Religious Rules, State Law, and Normative Pluralism - A Comparative Overview

Author: Rossella Bottoni,Rinaldo Cristofori,Silvio Ferrari

Publisher: Springer

ISBN: 3319283359

Category: Law

Page: 420

View: 3080

This book is devoted to the study of the interplay between religious rules and State law. It explores how State recognition of religious rules can affect the degree of legal diversity that is available to citizens and why such recognition sometime results in more individual and collective freedom and sometime in a threat to equality of citizens before the law. The first part of the book contains a few contributions that place this discussion within the wider debate on legal pluralism. While State law and religious rules are two normative systems among many others, the specific characteristics of the latter are at the heart of tensions that emerge with increasing frequency in many countries. The second part is devoted to the analysis of about twenty national cases that provide an overview of the different tools and strategies that are employed to manage the relationship between State law and religious rules all over the world.

Comparative Law in a Global Context

The Legal Systems of Asia and Africa

Author: Werner F. Menski

Publisher: Cambridge University Press

ISBN: 1139452711

Category: Law

Page: N.A

View: 9787

Now in its second edition, this textbook presents a critical rethinking of the study of comparative law and legal theory in a globalising world, and proposes an alternative model. It highlights the inadequacies of current Western theoretical approaches in comparative law, international law, legal theory and jurisprudence, especially for studying Asian and African laws, arguing that they are too parochial and eurocentric to meet global challenges. Menski argues for combining modern natural law theories with positivist and socio-legal traditions, building an interactive, triangular concept of legal pluralism. Advocated as the fourth major approach to legal theory, this model is applied in analysing the historical and conceptual development of Hindu law, Muslim law, African laws and Chinese law.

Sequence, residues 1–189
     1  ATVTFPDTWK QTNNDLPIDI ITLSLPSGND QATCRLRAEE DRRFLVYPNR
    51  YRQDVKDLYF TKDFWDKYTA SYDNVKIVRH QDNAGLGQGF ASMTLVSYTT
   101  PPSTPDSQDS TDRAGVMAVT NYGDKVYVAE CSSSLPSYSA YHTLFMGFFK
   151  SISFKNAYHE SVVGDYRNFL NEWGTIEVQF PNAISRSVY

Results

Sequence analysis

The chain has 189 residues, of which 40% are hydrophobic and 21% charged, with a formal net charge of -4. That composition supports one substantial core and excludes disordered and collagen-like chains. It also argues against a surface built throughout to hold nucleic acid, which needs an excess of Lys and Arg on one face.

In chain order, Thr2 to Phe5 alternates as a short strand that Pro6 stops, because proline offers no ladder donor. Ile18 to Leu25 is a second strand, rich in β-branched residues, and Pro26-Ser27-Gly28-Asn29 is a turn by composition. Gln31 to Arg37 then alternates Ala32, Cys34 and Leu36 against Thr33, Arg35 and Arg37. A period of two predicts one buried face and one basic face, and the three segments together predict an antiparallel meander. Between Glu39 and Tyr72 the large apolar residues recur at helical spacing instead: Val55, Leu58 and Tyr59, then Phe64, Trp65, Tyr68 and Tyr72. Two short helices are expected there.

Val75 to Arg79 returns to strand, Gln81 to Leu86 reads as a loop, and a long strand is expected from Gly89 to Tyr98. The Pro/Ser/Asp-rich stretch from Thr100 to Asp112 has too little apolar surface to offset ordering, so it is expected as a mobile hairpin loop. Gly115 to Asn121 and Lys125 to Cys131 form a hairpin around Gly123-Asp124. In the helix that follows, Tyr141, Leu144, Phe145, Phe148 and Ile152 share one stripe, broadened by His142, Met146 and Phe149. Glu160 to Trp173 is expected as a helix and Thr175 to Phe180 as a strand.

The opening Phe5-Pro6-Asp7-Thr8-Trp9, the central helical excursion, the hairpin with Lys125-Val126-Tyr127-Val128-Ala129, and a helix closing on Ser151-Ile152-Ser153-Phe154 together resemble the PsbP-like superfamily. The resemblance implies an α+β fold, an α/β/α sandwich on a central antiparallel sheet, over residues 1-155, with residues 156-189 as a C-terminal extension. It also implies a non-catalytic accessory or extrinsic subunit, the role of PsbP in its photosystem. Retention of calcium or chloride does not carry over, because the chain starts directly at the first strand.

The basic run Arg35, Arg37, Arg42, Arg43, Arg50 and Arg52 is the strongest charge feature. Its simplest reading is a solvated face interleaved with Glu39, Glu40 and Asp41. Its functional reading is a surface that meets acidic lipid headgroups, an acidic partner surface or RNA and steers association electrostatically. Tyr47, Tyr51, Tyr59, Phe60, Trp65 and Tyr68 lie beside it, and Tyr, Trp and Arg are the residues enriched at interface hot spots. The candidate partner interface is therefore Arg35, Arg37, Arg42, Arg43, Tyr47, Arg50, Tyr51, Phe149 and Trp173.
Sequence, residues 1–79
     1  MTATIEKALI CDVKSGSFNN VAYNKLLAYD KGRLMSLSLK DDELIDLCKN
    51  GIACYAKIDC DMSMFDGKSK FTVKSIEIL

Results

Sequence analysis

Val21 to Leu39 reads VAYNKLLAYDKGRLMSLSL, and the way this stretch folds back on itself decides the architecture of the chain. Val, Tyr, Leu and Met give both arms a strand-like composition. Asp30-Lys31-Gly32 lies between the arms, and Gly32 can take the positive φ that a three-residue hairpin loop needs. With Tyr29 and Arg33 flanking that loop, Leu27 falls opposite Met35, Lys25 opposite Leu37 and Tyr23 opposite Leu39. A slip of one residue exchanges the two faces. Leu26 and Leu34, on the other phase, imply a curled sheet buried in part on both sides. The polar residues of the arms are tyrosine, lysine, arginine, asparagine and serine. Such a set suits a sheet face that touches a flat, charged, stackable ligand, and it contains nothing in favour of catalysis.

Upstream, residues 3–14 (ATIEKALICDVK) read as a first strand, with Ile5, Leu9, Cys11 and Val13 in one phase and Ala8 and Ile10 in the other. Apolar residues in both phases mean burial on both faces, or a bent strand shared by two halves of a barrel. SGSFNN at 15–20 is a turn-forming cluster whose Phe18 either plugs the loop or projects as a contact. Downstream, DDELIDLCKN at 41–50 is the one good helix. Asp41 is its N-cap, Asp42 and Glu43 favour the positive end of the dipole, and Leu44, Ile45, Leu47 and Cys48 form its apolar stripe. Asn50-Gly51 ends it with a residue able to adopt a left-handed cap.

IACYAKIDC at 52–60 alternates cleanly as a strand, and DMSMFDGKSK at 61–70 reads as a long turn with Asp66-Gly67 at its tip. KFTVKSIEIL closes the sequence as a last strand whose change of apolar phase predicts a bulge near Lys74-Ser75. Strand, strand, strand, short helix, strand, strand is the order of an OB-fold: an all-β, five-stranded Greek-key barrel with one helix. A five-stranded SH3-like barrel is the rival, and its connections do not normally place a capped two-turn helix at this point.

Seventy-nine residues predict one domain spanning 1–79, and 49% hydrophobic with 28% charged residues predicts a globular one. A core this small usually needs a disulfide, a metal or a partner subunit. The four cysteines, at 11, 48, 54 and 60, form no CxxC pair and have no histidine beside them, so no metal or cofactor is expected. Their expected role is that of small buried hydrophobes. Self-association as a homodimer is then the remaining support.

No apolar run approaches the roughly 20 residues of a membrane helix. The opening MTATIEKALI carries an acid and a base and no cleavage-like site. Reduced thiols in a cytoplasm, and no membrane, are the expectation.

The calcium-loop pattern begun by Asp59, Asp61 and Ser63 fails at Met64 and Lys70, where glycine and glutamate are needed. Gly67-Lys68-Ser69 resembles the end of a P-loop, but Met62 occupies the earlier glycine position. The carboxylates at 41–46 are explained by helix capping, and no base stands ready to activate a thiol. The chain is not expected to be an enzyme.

Studies in History and Jurisprudence, Vol. 2

Author: James Bryce

Publisher: Jazzybee Verlag

ISBN: 3849650162

Category: Law

Page: 632

View: 2363

This volume contains a collection of studies composed at different times over a long series of years. It treats of diverse topics: yet through many of them there runs a common thread, that of a comparison between the history and law of Rome and the history and law of England. The author has handled this comparison from several points of view, applying it in one essay to the growth of the Roman and British Empires, in another to the extension over the world of their respective legal systems, in another to their Constitutions, in others to their legislation, in another to an important branch of their private civil law. The topic is one profitable to a student of the history of either nation; and it has not been largely treated by any writers before Bryce, as indeed few historians touch upon the legal aspects of history. This is volume two out of two.

Federalism and Legal Unification

A Comparative Empirical Investigation of Twenty Systems

Author: Daniel Halberstam,Mathias Reimann

Publisher: Springer Science & Business Media

ISBN: 9400773986

Category: Law

Page: 559

View: 3744